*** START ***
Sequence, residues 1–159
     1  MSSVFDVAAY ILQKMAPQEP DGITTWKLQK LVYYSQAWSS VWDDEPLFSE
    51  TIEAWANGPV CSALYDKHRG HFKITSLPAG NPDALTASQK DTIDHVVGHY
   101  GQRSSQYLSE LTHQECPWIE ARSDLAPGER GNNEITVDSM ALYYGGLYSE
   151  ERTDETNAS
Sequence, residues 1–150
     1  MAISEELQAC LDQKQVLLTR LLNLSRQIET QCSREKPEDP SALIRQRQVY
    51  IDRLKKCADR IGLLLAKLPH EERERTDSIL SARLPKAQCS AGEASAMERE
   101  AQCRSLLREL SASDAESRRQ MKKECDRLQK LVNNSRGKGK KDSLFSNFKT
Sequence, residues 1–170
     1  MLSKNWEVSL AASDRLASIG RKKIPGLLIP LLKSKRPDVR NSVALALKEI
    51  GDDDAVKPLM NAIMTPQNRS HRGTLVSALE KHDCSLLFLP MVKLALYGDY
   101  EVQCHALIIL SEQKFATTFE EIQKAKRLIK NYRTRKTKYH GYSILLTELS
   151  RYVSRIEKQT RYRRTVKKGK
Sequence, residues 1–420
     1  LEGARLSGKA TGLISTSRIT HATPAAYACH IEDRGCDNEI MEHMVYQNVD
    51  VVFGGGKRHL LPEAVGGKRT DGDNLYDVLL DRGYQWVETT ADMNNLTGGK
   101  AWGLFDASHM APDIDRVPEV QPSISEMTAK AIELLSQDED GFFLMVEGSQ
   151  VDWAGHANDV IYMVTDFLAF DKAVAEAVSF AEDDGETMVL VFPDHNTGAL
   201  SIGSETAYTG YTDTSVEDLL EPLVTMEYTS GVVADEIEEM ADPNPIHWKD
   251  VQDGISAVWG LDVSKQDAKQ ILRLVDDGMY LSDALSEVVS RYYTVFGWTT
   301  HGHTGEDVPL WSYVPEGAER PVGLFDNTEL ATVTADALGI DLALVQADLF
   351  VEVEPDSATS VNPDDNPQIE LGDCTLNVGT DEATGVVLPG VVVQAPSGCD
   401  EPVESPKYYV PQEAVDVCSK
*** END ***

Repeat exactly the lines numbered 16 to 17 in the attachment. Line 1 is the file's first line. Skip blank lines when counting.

     1  LEGARLSGKA TGLISTSRIT HATPAAYACH IEDRGCDNEI MEHMVYQNVD
    51  VVFGGGKRHL LPEAVGGKRT DGDNLYDVLL DRGYQWVETT ADMNNLTGGK